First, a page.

There are few things that bring me peace of mind as swiftly as those first steps onto a trail. The chatter of news, social media, and my own thoughts fall away as I tune into the birds chirping, trees rustling, and my footsteps on the dirt. It’s a treat to share that experience with a hiking companion, but if living alone during this pandemic has taught me anything, it’s that there is a profound sense of ease that comes from being in nature by yourself.
Solo hiking isn’t completely new to me, but these days it’s become the main way I get outside. I’m fortunate to have grown up near open space preserves in the North Bay, and I had the experience of feeling safe and comfortable on those trails. Pair that with my outlook as a stubbornly independent only child, and you’ve got the makeup for someone primed to hike on their own.
But I think anyone can enjoy hiking in solitude, and that’s why I’m here to share some of the things I’ve enjoyed about this practice, preserves to check out, and safety precautions to keep in mind. For me, solo hiking has become one of those unexpected gifts from physical distancing over the last year.
When I moved into my apartment in mid-2019 to live alone for the first time ever, I had no concept of just how much time I’d be spending by myself within those walls a year later. As anyone in a household-of-one can tell you, it can be hard to get a break from your internal dialogue when you can’t leave your house much.
Early on in the pandemic, I recognized that I needed to regularly get outside to stay sane. In its own way, social distancing precautions created an opportunity to continue my exploration of POST-protected lands safely, and on my own schedule.
Over the last year, I’ve enjoyed the views from preserves like Almaden Quicksilver County Park, Coyote Valley Open Space Preserve and Rancho Corral de Tierra, allowing nature to welcome me in, slow down my mind, and put things into perspective. No matter what was going on everywhere else that day, trees were growing taller, squirrels were on a nut gathering mission, creeks were wandering to their destination. The natural world, despite everything, moves forward.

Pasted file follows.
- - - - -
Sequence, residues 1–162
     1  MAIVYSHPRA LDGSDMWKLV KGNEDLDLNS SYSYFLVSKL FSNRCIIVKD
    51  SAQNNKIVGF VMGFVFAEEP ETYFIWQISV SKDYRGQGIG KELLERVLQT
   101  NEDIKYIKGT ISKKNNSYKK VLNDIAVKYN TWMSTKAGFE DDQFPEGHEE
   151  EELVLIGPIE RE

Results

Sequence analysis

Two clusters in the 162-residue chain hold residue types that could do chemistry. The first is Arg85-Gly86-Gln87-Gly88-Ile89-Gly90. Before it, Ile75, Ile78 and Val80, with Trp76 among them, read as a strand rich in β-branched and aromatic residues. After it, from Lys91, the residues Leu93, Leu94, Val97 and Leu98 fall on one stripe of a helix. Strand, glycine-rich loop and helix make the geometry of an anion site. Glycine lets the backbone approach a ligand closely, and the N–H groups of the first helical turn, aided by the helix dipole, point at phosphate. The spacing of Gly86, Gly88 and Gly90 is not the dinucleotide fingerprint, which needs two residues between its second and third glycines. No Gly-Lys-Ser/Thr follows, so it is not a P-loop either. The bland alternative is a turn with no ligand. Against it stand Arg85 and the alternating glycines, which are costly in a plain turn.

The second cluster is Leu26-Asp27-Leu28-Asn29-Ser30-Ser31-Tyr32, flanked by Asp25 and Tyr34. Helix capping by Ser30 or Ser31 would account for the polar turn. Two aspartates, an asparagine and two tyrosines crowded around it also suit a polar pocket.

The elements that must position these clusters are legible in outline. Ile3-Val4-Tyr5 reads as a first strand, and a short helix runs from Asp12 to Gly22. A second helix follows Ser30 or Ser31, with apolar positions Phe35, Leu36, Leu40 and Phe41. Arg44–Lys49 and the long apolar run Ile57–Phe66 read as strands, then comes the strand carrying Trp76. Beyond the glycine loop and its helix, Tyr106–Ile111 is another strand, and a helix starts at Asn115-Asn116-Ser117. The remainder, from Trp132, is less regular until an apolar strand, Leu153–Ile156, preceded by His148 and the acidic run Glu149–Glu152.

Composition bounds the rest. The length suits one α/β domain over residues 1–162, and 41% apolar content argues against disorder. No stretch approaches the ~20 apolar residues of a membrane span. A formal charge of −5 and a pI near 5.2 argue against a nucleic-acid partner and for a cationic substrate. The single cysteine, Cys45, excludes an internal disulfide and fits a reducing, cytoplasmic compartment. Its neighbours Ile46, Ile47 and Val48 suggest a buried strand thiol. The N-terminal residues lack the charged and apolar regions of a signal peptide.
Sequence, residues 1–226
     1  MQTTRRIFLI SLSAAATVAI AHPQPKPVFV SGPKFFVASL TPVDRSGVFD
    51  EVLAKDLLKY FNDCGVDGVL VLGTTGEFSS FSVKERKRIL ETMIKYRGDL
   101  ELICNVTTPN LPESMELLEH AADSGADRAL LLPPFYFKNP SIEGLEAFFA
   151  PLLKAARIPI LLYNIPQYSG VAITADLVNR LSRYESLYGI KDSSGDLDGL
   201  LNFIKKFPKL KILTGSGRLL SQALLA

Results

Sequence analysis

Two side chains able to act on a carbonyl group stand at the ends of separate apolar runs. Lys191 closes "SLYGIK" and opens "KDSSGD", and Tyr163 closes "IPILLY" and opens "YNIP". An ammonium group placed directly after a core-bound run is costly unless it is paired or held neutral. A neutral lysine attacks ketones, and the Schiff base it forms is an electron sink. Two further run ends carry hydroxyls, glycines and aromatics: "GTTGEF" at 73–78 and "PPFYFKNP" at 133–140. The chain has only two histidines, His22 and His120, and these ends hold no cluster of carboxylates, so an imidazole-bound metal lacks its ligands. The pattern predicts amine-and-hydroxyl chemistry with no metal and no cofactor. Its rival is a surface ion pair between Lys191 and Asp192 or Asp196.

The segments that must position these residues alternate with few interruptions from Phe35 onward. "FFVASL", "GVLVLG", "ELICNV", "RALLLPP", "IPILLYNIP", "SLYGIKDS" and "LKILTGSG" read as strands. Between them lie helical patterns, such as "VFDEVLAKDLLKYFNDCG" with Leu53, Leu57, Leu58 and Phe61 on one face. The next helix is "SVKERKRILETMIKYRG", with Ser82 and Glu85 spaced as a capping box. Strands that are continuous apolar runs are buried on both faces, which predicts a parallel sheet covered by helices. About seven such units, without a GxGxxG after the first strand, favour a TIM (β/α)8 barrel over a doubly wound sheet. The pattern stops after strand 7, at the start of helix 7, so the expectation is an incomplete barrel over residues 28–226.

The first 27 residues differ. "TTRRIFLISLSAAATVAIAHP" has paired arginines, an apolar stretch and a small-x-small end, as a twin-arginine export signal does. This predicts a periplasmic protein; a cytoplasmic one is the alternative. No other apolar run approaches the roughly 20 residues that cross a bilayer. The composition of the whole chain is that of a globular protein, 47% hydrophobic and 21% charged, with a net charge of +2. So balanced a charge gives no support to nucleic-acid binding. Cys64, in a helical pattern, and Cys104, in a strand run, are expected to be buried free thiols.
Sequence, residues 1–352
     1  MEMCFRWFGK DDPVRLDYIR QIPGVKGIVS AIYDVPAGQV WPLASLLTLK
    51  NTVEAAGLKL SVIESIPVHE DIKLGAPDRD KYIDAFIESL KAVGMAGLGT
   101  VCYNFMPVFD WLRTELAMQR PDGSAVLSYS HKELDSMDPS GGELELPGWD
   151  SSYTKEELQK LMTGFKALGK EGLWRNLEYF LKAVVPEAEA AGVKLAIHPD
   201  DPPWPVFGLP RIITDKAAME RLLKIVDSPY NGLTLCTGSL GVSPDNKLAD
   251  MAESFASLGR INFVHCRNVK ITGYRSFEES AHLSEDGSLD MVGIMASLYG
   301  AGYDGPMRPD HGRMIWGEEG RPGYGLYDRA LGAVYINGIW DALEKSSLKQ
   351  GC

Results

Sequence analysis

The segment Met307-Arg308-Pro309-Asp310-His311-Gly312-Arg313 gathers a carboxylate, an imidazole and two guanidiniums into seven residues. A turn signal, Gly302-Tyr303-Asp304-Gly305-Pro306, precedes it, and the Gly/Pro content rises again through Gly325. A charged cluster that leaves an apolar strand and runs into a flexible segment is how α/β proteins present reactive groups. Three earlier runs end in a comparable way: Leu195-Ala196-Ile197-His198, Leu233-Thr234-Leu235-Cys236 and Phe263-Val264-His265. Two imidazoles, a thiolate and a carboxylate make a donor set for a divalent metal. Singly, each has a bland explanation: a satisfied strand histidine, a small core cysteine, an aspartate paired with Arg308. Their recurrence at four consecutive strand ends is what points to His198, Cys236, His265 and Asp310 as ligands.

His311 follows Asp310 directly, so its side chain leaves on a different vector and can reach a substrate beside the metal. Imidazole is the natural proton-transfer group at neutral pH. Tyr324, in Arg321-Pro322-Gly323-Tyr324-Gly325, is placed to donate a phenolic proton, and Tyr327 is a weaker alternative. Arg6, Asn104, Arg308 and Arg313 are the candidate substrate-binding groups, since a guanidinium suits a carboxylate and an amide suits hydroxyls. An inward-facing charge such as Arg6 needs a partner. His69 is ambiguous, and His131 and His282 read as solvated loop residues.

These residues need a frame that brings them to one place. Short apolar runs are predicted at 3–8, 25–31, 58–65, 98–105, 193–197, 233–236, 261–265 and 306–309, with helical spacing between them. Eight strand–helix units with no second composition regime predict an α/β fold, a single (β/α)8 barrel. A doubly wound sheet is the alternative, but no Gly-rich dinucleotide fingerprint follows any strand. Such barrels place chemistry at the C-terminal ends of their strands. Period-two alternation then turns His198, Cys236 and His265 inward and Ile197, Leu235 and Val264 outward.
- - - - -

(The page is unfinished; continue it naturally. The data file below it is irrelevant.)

As a woman, it’s even more gratifying to walk for miles, freely occupying space without interruption other than a friendly passerby now and then. After all, annoyances and dangers of the urban world tend to stay in urban spaces, and the only catcalls I might come across would be from actual bobcats — and they prefer to keep to themselves.
Whether you are a seasoned hiker or just someone suddenly realizing that “outside” means much more to you during these always-inside times, here are some things to keep in mind when you embark on a solo hike:
Finally, remember to visit Bay Area Outdoors to check trail availability and find tips for staying Covid-safe at a distance from others on your hike.
As I’ve learned over the course of this year, there are so many great places to hike alone in the Santa Cruz Mountains. Here are two spots that I’ve found especially enjoyable. Hope to see you on the trail!
The views from the top of Windy Hill are spectacular. On clear days, you can see both the San Francisco Bay and Pacific Ocean. As the site of POST’s first-ever land acquisition, this spot is well worth a visit. Here’s more information about the hike to help get you started (there’s a shorter option available too).
This place has a little bit of everything — ridge top views, giant trees, and beautiful meandering creeks. The hike we have detailed here is a good challenge and takes you through the heart of the park. Enjoy!
Peninsula Open Space Trust (POST) protects open space on the Peninsula and in the South Bay for the benefit of all. Since its founding in 1977, POST has been responsible for saving more than 87,000 acres as permanently protected land in San Mateo, Santa Clara and Santa Cruz counties. Learn more